Table 1. Epigenetic modifications in African Americans and the genes implicated.
Type of Cancer Epigenetic
Differences between African
Americans and Caucasians
Link with Disease
Prostate Hypermethylation CD44, GSTP1 Higher frequency of CD44
hypermethylation in African Americans
Not indicated [50]
Hypermethylation Nkx2-5, TIMP3 AR,
Higher methylation in African
Yes [51]
Hypermethylated miR-152 Higher methylation in African
Yes [52]
Colorectal Hypermethylation CHL1, NELL1, GDF1,
Higher methylation in African
Not indicated [53]
Hypermethylation miR-9, miR-124, miR-137,
miR-548, miR-663,
miR-2682, miR-6130
Higher methylation in African
Not indicated [53]
Breast Hypermethylation CDH13, HIN-1, TWIST,
Higher methylation in African
Not indicated [54]
Thyroid miRNA Upregulation miR-31, miR-221 Upregulated in Caucasians
downregulated in African Americans
Yes [55]
Endometrial RNA Down-regulation miR-337 Downregulated in Caucasians
compared with African Americans
Not indicated [56]
Lung Hypomethylation SHISA4, RAD1 Decreased DNA methylation in African
Yes [57]
Africans also have an environment that harbors many infectious pathogens capable of driving cancer [58]. Hence, it is likely that African populations have both genetic and environmental influences on the methylome [49]. Consequently, resident Africans are more exposed to pathogenic infections compared to non-resident Africans. However, knowledge on the role of epigenetics in cancer in Africa is usually drawn from studies conducted among African Americans, which should not be extrapolated to native Africans due to admixture [59][60] and the higher genetic diversity in extant Africans. Epigenetic therapy is a rapidly advancing field of cancer research, since targeting epigenetic aberrations offers remarkable promise as a potential anti-cancer therapy, given the reversible nature of epigenetic changes [61]. Therefore, the lack of cancer epigenetics studies in Africa might have negative implications for people residing in Africa, as treatment development from studies in other ethnicities might not be effective for people of African descent. This calls for African-tailored cancer-related epigenetic studies to inspire African-specific cancer diagnostics and therapies. Advances in scientific research approaches, such as sequencing technologies, enabling the characterization of tumor phenotypes on a large scale, have highlighted epigenetic changes as a hallmark of cancer [61] and are promising solutions to overcome longstanding limitations in cancer epigenetics research [62]. While sequencing technologies are being applied in cancer epigenetic research in other parts of the world, their usage in Africa is relatively low, partly due to limited resources and technical know-how [63]. Therefore, more initiatives such as the Human Heredity and Health in Africa (H3Africa) consortium, a platform for collaboration and capacity building, should be created to focus on cancer epigenetics in Africa. Such initiatives will be invaluable in generating funds, training younger researchers and capacity building in cancer epigenetics research and development of cancer diagnostics and therapeutics.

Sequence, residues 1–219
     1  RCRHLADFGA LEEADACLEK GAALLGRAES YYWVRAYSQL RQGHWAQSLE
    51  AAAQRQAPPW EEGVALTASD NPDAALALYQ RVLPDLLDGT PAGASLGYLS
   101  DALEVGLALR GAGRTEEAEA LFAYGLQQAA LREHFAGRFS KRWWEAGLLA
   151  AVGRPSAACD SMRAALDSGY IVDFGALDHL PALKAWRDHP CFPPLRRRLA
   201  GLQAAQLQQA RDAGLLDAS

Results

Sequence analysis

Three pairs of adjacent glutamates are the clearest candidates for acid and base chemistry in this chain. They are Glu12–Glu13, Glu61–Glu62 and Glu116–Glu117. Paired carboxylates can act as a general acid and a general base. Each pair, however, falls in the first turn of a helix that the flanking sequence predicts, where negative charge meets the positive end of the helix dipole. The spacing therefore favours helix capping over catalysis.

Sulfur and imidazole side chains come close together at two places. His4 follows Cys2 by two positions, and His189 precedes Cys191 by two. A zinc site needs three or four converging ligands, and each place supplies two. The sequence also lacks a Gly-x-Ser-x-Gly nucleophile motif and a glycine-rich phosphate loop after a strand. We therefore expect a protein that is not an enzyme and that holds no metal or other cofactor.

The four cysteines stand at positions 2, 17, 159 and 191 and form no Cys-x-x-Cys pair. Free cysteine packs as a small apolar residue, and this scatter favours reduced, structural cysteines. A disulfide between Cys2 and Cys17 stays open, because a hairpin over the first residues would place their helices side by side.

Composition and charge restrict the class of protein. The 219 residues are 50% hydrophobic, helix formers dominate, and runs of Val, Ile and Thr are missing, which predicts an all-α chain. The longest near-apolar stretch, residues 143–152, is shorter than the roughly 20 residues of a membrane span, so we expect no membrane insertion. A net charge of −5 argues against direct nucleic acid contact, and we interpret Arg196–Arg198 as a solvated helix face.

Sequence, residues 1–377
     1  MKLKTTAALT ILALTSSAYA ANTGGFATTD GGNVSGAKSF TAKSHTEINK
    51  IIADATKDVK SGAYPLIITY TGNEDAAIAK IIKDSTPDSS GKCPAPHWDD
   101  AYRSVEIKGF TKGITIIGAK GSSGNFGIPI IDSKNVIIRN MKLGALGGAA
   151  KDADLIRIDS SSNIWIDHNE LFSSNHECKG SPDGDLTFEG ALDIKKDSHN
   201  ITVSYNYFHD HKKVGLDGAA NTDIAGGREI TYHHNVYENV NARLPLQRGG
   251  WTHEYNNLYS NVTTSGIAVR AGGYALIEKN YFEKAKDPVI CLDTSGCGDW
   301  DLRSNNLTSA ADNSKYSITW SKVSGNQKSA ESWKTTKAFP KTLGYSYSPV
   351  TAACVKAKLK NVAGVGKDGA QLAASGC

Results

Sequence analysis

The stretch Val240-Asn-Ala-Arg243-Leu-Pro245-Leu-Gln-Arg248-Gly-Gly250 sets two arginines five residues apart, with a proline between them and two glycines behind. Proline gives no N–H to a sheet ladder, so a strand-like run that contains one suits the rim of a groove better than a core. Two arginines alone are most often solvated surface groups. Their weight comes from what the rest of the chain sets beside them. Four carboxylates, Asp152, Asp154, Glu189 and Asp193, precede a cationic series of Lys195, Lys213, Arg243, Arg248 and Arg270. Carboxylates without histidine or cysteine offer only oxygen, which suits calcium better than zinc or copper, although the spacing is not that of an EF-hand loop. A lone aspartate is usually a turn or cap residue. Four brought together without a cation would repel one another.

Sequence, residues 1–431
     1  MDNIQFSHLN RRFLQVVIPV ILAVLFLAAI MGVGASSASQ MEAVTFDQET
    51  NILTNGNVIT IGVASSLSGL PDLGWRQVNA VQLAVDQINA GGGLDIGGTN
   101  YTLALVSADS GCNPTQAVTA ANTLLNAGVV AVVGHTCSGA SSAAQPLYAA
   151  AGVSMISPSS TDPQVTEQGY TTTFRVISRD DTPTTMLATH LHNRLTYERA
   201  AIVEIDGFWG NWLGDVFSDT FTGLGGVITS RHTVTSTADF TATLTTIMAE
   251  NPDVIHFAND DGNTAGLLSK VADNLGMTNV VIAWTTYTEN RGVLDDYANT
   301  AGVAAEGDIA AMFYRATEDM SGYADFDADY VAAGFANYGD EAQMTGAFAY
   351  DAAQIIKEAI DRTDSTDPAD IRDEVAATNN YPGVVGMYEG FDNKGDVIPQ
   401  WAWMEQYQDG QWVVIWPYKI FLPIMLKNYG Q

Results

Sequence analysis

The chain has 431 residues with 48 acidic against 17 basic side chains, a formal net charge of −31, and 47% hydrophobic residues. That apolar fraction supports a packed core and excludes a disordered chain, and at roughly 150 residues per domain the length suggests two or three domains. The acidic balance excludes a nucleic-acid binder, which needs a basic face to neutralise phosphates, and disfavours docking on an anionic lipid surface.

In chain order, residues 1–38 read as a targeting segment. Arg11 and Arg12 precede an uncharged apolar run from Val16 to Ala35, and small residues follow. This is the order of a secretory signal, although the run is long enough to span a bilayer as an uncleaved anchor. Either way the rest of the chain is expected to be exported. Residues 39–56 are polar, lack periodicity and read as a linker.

4. Correlating the Prevalence of Tropical Pathogens and Cancer Prevalence

Besides causing infectious diseases, the role of infectious agents in non-communicable diseases including cancers is increasingly being appreciated. Currently, infections collectively account for 25–50% of all human cancers [64].
Infectious carcinogens affecting humans span all classes of microbial pathogens—viruses, bacteria, fungi and parasites. Among viruses, the Epstein-Barr virus (EBV), hepatitis C virus (HCV), hepatitis B virus (HBV), Kaposi’s sarcoma herpesvirus (KSHV), human immunodeficiency virus type-1 (HIV-1), human T cell lymphotropic virus type-1 (HTLV-1) and high-risk HPV (HR-HPV) genotypes are well-linked to cancer [65]. Notably, HR-HPV, HBV and HCV accounted for 690,000, 360,000 and 160,000 new cancer cases worldwide, respectively, in 2018 [3]. Most of these viral pathogens have been reported in Africa. For instance, the prevalence of HBV and HCV among the general population in the World Health Organization’s African Region is estimated at 7.5% and 1.0%, respectively, while for HIV, the prevalence is 3.6% among adults [66][67]. In Africa, EBV has been associated with endemic Burkitt’s lymphoma and other cancers such as nasopharyngeal carcinoma [68].